Drive Performance Trends
CD-ROM performance has
enjoyed a steady increase from 1X in 1991 to 32X in 1997.
Despite DVD's debut in 1997 at 1X speed (equivalent to 8x
CD speed), the majority of consumers are still choosing
the faster CD-ROM drives over DVD.
DVD has not taken off as
quickly as many had predicted last year. In fact most
research firms that are following the CD/DVD-ROM market
have substantially revised their predictions regarding
DVD adoption for 1998 and 1999, to predict a healthy
continued growth for CD.
conception is that the industry as a whole has reached a
transfer rate which has "capped out" at 32X. The reality
is that not only has the ceiling not yet been acheived,
but the preponderance of drives in the market today do
not live up to their advertised "X ratings". Conventional
CAV (Constant Angular Velocity) drives, which comprise
the bulk of models on the market today, allow for a
maximum speed of 32X or higher, but on the outermost
tracks. Data read from the inner tracks of a disk, where
most of today's software is located, is read at a mere
12-16X. For this reason, there has been significant
amount of negative press and analyst reaction.
generally obtain the 32X speed only on a disc's outer
tracks---which is why manufacturers rate the drives as,
for example, 14/32X. There's a catch, however: Data
rarely fills the outer tracks, so drives rarely read
PC World, February, 1998
are shipping 16X drives not because they're faster but
because they want buyers to think so! More honest (drive
makers) label theirs '16X Max'. Forget a CD-ROM's X
rating. A drive's advertised speed doesn't always reflect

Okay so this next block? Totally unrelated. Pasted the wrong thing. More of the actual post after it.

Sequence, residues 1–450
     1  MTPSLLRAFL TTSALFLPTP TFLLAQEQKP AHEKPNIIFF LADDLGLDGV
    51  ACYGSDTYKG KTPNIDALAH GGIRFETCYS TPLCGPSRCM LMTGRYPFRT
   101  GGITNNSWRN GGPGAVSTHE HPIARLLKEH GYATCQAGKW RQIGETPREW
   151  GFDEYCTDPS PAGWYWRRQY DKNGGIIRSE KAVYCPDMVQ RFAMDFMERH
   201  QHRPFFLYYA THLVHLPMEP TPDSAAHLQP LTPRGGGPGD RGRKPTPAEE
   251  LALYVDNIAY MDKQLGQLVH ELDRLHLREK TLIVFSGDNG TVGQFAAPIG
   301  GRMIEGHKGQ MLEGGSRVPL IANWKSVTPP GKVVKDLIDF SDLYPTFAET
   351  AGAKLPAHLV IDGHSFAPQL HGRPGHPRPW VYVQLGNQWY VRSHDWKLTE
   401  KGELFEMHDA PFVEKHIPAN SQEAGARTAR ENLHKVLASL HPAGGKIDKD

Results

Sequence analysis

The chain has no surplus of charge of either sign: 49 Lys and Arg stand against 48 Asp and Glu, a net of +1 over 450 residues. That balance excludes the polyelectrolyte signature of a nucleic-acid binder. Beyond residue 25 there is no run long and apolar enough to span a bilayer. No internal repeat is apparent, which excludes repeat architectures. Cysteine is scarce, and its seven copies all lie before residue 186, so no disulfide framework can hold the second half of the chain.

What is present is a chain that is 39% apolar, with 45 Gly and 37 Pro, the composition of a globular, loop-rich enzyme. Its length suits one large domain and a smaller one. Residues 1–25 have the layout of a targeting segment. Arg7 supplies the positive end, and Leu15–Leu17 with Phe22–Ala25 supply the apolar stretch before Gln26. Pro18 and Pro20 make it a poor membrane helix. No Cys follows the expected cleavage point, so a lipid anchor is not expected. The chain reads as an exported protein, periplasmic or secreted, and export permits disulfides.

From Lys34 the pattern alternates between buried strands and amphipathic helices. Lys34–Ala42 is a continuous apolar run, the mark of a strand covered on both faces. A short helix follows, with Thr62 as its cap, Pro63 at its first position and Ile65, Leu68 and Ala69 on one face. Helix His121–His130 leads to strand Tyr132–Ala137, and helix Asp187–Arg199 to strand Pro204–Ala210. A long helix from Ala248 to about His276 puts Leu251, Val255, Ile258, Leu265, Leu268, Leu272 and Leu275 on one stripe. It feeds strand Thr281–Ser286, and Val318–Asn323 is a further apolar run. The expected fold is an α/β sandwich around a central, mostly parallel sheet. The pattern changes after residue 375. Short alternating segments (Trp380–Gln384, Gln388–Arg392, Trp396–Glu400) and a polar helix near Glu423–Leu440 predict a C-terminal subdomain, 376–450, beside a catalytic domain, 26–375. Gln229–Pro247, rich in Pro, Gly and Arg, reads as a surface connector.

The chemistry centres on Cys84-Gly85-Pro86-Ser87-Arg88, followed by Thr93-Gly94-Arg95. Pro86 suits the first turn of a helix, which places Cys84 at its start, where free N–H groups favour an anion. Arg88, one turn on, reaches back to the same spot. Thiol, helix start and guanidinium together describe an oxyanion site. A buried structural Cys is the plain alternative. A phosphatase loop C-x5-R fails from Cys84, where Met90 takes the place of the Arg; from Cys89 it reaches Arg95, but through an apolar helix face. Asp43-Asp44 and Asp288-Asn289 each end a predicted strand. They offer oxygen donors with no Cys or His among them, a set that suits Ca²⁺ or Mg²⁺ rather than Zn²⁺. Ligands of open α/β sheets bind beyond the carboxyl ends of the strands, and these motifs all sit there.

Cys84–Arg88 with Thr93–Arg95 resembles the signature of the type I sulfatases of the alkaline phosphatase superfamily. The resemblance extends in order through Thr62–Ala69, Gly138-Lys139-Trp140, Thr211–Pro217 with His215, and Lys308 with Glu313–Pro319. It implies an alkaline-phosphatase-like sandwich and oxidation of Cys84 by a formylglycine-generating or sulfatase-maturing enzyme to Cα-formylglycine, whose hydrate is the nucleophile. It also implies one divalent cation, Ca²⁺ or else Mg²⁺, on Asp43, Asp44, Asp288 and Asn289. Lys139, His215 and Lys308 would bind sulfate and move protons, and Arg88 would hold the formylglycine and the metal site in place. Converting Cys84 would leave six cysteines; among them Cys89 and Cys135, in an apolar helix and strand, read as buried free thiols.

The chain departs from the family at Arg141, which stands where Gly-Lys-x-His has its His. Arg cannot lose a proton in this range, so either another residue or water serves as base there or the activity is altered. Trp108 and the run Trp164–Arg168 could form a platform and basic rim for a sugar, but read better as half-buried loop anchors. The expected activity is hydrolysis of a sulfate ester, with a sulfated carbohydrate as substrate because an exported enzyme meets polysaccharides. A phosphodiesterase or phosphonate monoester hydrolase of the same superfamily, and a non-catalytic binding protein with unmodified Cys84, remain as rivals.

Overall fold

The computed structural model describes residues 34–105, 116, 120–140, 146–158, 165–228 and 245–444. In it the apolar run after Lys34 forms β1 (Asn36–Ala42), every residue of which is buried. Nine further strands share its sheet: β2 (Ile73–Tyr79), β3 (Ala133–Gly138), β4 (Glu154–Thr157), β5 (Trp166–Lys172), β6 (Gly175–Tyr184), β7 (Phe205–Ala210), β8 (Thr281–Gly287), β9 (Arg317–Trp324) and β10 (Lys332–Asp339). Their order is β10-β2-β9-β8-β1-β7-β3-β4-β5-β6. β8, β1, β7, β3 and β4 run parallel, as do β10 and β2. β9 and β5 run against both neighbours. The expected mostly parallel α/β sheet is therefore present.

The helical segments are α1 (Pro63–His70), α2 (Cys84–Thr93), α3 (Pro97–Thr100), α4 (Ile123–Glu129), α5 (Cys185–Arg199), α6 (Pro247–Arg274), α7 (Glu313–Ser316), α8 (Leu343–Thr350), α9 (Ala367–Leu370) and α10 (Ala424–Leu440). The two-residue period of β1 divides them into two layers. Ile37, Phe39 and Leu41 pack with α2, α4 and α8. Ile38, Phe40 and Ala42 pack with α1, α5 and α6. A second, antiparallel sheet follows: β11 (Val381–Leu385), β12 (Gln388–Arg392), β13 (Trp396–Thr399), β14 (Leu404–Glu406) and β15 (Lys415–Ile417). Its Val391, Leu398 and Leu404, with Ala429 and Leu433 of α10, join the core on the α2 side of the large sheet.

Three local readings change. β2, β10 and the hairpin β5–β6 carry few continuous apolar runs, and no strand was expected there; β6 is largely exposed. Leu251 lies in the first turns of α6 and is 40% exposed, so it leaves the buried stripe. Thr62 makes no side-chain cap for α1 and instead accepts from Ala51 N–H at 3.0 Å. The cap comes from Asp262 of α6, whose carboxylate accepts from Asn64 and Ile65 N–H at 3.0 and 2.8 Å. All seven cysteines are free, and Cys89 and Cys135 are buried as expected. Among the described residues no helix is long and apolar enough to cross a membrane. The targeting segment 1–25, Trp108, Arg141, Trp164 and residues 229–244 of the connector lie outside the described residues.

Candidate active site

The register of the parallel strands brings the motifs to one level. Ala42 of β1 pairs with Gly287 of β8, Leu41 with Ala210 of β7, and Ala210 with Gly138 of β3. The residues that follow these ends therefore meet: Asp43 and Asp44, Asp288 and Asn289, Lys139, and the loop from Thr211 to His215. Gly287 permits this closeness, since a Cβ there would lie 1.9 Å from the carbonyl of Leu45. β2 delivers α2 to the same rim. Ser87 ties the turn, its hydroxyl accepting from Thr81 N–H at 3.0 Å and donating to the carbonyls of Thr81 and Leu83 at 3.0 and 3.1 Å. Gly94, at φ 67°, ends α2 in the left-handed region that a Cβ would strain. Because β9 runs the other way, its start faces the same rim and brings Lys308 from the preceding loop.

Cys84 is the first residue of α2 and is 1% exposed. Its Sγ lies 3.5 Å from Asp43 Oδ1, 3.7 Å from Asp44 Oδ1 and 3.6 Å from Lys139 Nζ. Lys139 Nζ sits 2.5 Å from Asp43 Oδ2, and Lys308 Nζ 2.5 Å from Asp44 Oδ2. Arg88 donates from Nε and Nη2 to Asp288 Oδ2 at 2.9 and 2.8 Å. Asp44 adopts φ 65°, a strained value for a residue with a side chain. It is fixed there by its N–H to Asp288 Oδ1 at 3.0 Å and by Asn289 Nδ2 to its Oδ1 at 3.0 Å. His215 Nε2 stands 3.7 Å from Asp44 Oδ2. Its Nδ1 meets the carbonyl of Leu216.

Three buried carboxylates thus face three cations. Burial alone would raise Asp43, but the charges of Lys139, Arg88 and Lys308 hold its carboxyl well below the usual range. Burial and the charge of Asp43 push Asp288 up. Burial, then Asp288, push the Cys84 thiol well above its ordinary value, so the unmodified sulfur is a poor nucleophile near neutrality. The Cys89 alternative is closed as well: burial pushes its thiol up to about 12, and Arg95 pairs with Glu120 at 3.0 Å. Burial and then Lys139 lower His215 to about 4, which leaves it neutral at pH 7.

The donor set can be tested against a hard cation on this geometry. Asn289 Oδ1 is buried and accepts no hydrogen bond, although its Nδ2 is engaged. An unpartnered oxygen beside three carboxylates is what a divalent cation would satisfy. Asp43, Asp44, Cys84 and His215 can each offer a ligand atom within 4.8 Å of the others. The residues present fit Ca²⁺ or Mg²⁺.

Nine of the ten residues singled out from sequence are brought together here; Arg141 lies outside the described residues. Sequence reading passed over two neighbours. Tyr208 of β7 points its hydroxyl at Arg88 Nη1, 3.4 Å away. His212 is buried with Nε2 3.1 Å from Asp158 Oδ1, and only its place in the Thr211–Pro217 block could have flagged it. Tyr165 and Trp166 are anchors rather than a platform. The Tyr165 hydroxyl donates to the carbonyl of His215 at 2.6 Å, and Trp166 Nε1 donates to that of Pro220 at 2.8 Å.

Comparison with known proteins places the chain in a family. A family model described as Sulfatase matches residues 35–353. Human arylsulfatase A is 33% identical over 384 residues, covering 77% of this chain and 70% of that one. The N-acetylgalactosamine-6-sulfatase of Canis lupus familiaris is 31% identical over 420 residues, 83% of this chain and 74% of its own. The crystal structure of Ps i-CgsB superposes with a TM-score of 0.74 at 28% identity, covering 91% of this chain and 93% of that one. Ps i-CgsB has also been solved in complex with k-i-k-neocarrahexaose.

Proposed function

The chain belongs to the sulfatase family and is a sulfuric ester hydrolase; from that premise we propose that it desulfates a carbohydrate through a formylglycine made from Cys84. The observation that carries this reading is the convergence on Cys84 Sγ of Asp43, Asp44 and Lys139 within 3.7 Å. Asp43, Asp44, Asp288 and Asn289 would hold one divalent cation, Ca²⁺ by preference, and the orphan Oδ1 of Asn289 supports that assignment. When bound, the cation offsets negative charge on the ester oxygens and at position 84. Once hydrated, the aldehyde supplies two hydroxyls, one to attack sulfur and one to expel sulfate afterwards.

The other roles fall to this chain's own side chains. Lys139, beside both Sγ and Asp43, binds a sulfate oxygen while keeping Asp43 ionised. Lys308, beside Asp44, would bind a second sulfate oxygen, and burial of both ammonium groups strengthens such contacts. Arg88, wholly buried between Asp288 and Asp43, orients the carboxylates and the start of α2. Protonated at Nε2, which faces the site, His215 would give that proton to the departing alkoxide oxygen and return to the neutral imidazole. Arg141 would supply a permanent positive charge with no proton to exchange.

its true performance."
Computing, June 1997
with the need for speed, an ATAPI 24X speed CD-ROM is the
only antidote, right? Wrong! While manufacturers push
these potent peripherals like street vendors hustling
swag- hyping quality and wielding fancy terminology-
these 24X drives don't deliver."
boot magazine, October
"If you're expecting a
24X drive to give you double the performance of a 12X
drive, think again. In fact, none of the beta-model
drives we tested lived up to expectations."
Windows Magazine, November 1, 1997
CD-ROM performance and
sales have enjoyed significant growth over the past 10
years, with an estimated 195 million plus CD-ROM drives
installed worldwide, according to a recent report by
InfoTech Research. The installed base of CD-ROM will peak
after the year 2000. However, CD will continue to
dominate the CD/DVD-ROM market until after the year
The DVD-ROM market has
gained popularity, with most consumer electronics
manufacturers promising to support DVD. However,
deployment has been slow and will not likely ramp up
until more DVD titles are available towards the end of
1998 and beginning of 1999. At year-end 1997, there were
a mere 60 DVD-ROM titles, as compared to 46,000 CD-ROM
titles in print, according to the InfoTech report.
CD-ROM prices have
consistently decreased while performance has only
marginally increased, leveling off at 32X, which is
really only 14-17X on average. Zen TrueX enabled CD-ROM
drives will significantly boost performance, extending
the usefulness of CD-ROM technology for many years. Zen
will also apply TrueX technology to increase the
performance of DVD products.
the Gap Between Storage Devices
Zen TrueX technology
addresses transfer rate and access times that currently
limit CD-ROM on today's PC's. Reading and processing two
tracks simultaneously doubles the transfer rate. Reading
ten tracks increases the rate tenfold - that's over
6Mbytes/sec at 4x speed, for example.